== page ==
Steven McCarthy as Will Donnelly, Mark Uhre as Michael Donnelly and Geoffrey Armour as James Donnelly Jr. all get their chances to shine as the next generation of Donnelly men take centre stage. Their notable and menacing presence in Sticks and Stones is now elevated in St. Nicholas Hotel, giving them a chance to really connect with the audiences through their characters and the challenging lives they ultimately lead as the years go on.
Masae Day is also a real standout in St. Nicholas Hotel as she shares both jubilation and heartbreak with the audience over the course of two-and-a-half hours. Her infectious smile and enthusiasm demands the audience crack and smile along with her, while, when she suffers loss, your heart can’t help but break for her.
As the story moves along, it’s clear that tension is building for the Donnellys. The “sticks and stones” of the first show and frequent conflicts associated with the stagecoach wars, religion and politics are clearly building to an outcome that will not be good for the Donnelly family. It’s hard not to feel the building dread.
Then, Armour’s James Carroll shows up and we know he’s someone we have to keep our eyes on, not just in this show, but in the show to come. He has vowed revenge and Armour’s menacing performance demands that the audience takes him seriously.
James Dallas Smith, Hallie Seline, Cam Laurie and Paul Dunn all do a great job filling out the ensemble, keeping the stage bustling and busy for the entire show.
Following the characters from show to show has been rewarding as well, and you can start to see the pay-off audiences will have when they see all three shows in three consecutive nights later this season. Even seeing Johannah Donnelly in her familiar dress from Sticks and Stones evoked a feeling of comfort and familiarity with characters we remember well from a few weeks earlier.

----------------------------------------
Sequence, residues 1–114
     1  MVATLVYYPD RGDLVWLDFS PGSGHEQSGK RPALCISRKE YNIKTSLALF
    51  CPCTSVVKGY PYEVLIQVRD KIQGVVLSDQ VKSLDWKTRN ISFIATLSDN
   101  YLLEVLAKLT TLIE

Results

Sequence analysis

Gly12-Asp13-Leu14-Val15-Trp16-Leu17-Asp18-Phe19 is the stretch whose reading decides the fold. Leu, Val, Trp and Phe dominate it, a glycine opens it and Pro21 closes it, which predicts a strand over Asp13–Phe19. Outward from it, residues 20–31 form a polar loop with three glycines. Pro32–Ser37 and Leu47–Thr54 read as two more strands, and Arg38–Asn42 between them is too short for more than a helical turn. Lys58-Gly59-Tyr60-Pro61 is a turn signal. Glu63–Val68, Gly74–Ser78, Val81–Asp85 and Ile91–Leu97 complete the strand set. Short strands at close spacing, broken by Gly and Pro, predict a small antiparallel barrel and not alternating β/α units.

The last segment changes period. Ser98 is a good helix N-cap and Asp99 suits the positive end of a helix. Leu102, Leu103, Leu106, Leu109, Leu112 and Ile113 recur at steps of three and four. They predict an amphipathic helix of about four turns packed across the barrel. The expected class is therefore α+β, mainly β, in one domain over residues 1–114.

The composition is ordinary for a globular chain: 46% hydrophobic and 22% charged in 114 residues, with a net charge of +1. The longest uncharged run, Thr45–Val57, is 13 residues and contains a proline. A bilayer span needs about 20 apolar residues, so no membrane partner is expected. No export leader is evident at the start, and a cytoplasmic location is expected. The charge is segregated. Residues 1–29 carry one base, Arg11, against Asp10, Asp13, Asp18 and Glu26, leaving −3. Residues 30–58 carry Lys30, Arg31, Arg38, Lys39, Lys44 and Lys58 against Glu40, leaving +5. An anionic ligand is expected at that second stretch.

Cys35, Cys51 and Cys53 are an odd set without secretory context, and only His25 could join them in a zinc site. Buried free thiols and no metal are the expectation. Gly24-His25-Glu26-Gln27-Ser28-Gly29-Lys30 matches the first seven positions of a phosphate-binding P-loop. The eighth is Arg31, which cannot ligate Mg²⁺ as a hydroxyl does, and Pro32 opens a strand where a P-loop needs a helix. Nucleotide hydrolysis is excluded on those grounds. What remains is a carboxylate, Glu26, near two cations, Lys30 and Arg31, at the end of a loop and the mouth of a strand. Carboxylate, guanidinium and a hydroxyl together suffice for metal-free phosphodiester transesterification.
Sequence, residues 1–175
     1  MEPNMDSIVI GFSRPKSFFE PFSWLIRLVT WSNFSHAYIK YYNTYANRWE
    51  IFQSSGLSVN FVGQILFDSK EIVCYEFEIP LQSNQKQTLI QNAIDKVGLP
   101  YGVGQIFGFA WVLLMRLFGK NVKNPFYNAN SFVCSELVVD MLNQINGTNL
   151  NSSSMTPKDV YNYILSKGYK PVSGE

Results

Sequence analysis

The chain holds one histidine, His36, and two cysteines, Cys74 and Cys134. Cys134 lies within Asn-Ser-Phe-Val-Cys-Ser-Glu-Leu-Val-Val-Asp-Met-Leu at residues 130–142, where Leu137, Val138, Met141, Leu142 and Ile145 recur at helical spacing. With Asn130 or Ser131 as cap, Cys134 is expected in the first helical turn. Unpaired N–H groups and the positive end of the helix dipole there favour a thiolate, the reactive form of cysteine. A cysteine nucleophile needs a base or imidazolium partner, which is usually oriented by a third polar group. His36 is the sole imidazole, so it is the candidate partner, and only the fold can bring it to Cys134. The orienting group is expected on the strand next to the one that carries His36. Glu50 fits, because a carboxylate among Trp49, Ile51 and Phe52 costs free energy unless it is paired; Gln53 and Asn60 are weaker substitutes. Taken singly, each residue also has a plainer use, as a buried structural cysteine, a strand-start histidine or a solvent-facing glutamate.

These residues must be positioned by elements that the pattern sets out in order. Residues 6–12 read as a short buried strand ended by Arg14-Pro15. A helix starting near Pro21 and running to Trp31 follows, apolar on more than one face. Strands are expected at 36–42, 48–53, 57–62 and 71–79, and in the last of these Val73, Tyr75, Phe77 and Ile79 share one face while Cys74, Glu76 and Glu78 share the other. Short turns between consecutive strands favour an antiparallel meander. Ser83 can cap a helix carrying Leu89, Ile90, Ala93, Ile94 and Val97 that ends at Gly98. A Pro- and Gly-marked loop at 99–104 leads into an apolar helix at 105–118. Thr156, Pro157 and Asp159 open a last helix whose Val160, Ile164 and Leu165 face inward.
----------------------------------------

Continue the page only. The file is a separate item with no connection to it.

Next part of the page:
The storm clouds are gathering for the Donnellys and, from what we know from history, they are unlikely to break in favour of sunny skies as we approach the final of the three shows, Handcuffs, which begins early next month.
This is another stellar achievement from Garratt and company, as we reach the bloody middle of this local, historic epic. As we approach the end, with characters we’ve come to know so well, our minds can’t help but wonder, curious about what the final chapter of the story has to tell.
It’s great storytelling that both refers back to what came before it and hints at the story to come later - the challenge of the middle show in a trilogy - all while standing on its own as a monumental achievement - St. Nicholas Hotel won the prestigious Floyd. S. Chalmers Canadian Play Award in 1975 - and a story wholly belonging to this area.
St. Nicholas Hotel continues alongside Sticks and Stones until Handcuffs premiers on Sunday, Aug. 6. There will then be opportunities to see all three shows on consecutive nights several times throughout August as, after Handcuffs premieres, the shows will begin running in three-day clusters on Tuesday through Thursday and again on Friday through Sunday until Sunday, Sept. 3.